Expected results: Improved performance and benchmark suite.

Knowledge prerequistes: Experience with Clojure, though significant functional experience in Common Lisp, Scheme, Racket, Haskell, OCaml, Scala is OK too if Clojure experience is lacking. Experience with Prolog or another language that supports constraint solving well is a big plus.  

Difficulty: Hard

Mentor: David Nolen


Brief explanation: CLP(Set) would greatly widen the applicability of using core.logic for various forms of static analysis. It would also make core.logic programming more natural for more kinds of problems for Clojure programmers.

Expected results: Basic support for CLP(Set). If CLP(Set) work begins in earnest by core.logic developers, we expect the student to tackle the various significant subproblems we expect to encounter.

Knowledge prerequistes: Experience with Clojure, though significant functional experience in Common Lisp, Scheme, Racket, Haskell, OCaml, Scala is OK too if Clojure experience is lacking. Experience with Prolog or another language that supports constraint solving well is a big plus.  

Difficulty: Hard

Mentor: David Nolen


Brief explanation: core.logic with probabilistic programming features would be a powerful extension to core.logic with a high degree of real world applicability.

Expected results: Basic support of CLP(Prob).

Knowledge prerequistes: Experience with Clojure, though significant functional experience in Common Lisp, Scheme, Racket, Haskell, OCaml, Scala is OK too if Clojure experience is lacking. Experience with Prolog or another language that supports constraint solving well is a big plus.

Difficulty: Medium-Hard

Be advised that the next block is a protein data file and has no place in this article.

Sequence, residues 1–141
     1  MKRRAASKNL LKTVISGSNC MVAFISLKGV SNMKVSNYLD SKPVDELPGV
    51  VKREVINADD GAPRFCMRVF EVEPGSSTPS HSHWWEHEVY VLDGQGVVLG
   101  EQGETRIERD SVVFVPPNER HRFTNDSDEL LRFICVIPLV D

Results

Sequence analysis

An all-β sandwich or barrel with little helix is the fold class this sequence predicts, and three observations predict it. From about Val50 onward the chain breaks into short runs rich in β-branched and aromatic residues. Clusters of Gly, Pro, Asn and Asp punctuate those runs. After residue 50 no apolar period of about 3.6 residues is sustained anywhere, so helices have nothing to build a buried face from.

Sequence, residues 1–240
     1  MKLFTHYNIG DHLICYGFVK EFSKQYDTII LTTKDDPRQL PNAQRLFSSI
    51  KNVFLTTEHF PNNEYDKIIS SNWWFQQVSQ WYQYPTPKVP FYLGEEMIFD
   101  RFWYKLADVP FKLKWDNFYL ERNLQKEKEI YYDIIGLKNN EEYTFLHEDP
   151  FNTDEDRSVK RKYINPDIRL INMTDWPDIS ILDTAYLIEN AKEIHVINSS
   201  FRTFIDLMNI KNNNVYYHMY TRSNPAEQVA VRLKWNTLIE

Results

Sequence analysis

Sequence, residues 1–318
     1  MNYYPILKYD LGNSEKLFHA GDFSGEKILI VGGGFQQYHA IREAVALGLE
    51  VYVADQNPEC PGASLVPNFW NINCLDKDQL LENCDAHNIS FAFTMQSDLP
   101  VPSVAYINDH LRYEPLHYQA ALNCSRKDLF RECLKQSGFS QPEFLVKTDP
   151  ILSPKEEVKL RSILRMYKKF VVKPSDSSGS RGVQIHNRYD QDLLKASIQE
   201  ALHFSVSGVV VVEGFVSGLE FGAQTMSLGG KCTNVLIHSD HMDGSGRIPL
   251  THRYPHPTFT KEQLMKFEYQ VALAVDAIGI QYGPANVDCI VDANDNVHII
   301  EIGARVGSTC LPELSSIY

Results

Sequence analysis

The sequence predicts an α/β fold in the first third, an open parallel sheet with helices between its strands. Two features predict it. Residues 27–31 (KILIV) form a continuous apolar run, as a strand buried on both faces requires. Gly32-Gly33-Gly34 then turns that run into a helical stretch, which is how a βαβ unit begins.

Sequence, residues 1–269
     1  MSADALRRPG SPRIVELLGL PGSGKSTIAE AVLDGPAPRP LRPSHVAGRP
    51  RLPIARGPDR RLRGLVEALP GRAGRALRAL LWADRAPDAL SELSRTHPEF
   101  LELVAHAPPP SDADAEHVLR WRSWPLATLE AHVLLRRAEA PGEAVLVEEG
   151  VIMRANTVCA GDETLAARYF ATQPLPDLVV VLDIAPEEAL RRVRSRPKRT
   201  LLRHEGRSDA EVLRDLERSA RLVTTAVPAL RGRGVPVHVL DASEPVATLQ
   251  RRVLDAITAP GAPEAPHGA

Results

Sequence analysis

Mentor: David Nolen



Enhancing Clooj IDE

Brief explanation: Clooj ( is already a good IDE for Clojure beginners to start with, if they do not already have a preferred development tool set.  It is the easiest to install.  There are ideas for enhancements in the Issues tab of the project.

Expected results: An enhanced version of Clooj that fixes existing issues, adds new features, etc.

Knowledge prerequisites: The student would need to know or learn Clojure, and something about GUI development using Java Swing, the GUI library currently used by Swing.

Mentor: Arthur Edelstein, the developer of Clooj, would be an ideal mentor, if he has the time and interest in doing so.  No one has yet approached him with this possibility that I am aware of.

Type Systems

Improve and document core.typed

Brief explanation: Optional type systems are more effective when only a small subset of code needs to be tailored to its needs (3-6%). Currently several important Clojure idioms are not understood by core.typed.

Documentation for core.typed is sparse, making the transition to it much harder than necessary for users.

Expected results: 

Type check more expressions and idioms:

  • More complete multimethod support
    • eg. multiple dispatch
  • Support for function keyword arguments
  • More core functions/methods assigned types